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Author: Ron Graham


Ezekiel Chapters 12, 13, 14, 15
—Outline and Notes

1 Context Overview

In this lesson, we outline and analyse Ezekiel chapters 12, 13, 14, and 15. Ezekiel records: God’s warning of Jerusalem's destruction soon; God’s condemnation of false prophets with idols in their hearts; God’s punishment using famine, beasts, sword, and plague; God’s Parable of Vine and Tree.

A number of issues are touched upon in Ezekiel chapters 12 to 15.

Why is God allowing Jerusalem to be destroyed by the Babylonians?

Why are false prophets predicting peace and prosperity when Ezekiel says the city is doomed and the people will die, be taken captive, or flee to foreign lands?

What are the catastrophies about to befall Jerusalem? Will this be the end of Israel, or will a remnant be preserved to restore Jerusalem?

When Ezekiel does everything he can to make the people see the truth, why don't they listen or understand?

2 Outline of Ezekiel 12, 13, 14, and 15

Warning of Jerusalem’s Destruction Soon

Condemnation of False Prophets

Parable of the Whitewashed Wall

God Includes Female Prophets

Idols in the Heart

Parable of Noah, Daniel, and Job

Parable of Vine and Tree

3 The Three Parables

First parable: Plastering Over the Cracks

God likens the false prophecies to the building of a shoddy wall, plastered over and whitewashed to look good, but unable to withstand a violent storm (Ezekiel 13:10-16).

The false prophets predicted that the near future would bring peace and prosperity. So these prophets urged the people to build houses (Ezekiel 11:1-4).

Maybe there were examples of shoddy walls in the city, walls plastered over to hide the cracks. In any case, God will say of the false prophecies, "The wall is no more, nor those who plastered it"

Here is what the parable represents:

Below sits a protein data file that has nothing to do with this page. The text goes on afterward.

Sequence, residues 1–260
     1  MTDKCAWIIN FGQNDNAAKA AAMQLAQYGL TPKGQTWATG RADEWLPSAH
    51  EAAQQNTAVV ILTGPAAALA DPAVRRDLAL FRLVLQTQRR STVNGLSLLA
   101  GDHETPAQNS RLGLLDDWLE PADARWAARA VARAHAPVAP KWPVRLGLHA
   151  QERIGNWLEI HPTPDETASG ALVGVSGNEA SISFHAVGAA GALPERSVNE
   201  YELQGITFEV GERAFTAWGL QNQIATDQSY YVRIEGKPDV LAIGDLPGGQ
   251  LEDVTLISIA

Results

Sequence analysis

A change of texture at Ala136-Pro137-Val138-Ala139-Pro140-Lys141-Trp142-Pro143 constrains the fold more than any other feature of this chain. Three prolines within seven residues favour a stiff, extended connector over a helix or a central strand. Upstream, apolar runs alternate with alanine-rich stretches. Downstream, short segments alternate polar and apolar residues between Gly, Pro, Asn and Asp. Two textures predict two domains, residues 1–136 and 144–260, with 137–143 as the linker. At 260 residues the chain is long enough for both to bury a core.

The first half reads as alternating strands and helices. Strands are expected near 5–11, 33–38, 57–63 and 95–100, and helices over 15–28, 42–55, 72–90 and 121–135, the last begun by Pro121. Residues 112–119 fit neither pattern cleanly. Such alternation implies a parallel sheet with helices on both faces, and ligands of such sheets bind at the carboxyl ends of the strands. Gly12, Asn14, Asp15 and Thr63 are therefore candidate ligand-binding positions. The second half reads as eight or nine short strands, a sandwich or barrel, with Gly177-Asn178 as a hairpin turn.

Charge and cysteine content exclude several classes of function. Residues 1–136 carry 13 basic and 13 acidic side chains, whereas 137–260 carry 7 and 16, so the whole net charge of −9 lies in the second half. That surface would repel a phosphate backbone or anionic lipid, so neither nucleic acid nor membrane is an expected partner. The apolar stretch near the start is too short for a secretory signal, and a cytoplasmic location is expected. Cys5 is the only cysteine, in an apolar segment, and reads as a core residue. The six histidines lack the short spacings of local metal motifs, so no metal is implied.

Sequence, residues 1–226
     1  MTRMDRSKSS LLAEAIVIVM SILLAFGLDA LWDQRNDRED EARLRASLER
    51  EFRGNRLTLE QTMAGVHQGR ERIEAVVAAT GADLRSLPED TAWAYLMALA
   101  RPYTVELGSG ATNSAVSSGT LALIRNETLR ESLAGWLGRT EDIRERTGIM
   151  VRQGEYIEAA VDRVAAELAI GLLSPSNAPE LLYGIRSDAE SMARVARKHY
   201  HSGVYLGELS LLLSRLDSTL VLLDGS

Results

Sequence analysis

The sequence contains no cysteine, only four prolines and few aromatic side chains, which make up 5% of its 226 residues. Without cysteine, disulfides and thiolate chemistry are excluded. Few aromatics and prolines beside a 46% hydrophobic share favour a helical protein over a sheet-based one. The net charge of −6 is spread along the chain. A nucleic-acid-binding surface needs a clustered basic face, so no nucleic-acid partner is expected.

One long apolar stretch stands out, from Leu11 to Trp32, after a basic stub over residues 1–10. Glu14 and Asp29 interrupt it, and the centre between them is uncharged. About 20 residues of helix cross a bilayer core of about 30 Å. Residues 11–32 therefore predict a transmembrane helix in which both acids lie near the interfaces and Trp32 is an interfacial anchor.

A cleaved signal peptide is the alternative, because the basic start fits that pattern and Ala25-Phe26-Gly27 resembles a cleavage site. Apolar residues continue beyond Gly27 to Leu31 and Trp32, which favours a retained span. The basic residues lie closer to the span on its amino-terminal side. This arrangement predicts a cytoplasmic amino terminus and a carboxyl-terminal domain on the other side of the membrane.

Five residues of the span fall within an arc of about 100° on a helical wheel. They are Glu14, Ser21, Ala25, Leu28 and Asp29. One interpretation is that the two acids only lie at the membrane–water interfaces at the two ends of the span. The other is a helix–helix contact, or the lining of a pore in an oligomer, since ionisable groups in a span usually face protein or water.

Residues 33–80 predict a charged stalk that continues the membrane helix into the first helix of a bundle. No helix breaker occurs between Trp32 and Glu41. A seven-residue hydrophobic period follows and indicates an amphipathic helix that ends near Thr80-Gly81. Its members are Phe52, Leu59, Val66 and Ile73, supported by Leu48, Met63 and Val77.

Second parable: Noah, Daniel, and Job

There are four punishments in God’s judgment of Israel (Ezekiel 14:12-23). They are: Famine (v12⁠-⁠13), Beasts (v15⁠-⁠16), Sword (v17⁠-⁠18), and Plague (v19⁠-⁠20).

As God mentions each of these severe punishments, he says that even if Noah, Daniel, and Job were there, "they would deliver neither son nor daughter; they would deliver only themselves by their righteousness"

Noah and Job, were men of antiquity who were faithful and righteous. That's why God saved Noah from the great flood, and rescued Job from the persecution Satan inflicted on him

The other man, Daniel, was a man of the moment, a captive of the Chaldeans. He was promoted to a high and responsible position in Babylon, yet without acting corruptly. He refused to participate in idolatry though it meant being cast into the den of lions.

If these men were in Jerusalem at the time of the seige, slaughter, and exile, they would, because of their righteousness, be marked by the man with the inkhorn and be preserved.

But the unrighteousness of most people in Jerusalem is so extreme that even the righteousness of Noah, Daniel, and Job, could not help them. They will not be saved.

However, God gives assurance again that a remnant of righteous people will restore Jerusalem. This will be a comfort for Ezekiel.

Third parable: The Vine and the Trees

Ezekiel chapter 15 is a parable showing that Israel, by and large, has become useless to God and must be destroyed. God asks Ezekiel to consider the spindly vine that grows among the trees in the forest.

The wood of the trees is useful, and much can be made from it. But the vine is fit only for burning because one cannot make anything from its wood, not even a peg. (Ezekiel : )

This simple parable is God’s way of explaining why he is turning his back on Jerusalem and the children of Israel. If they were trees, he would value them. But they are soft and spindly vines so he deals with them as trash.


Webservant Ron Graham

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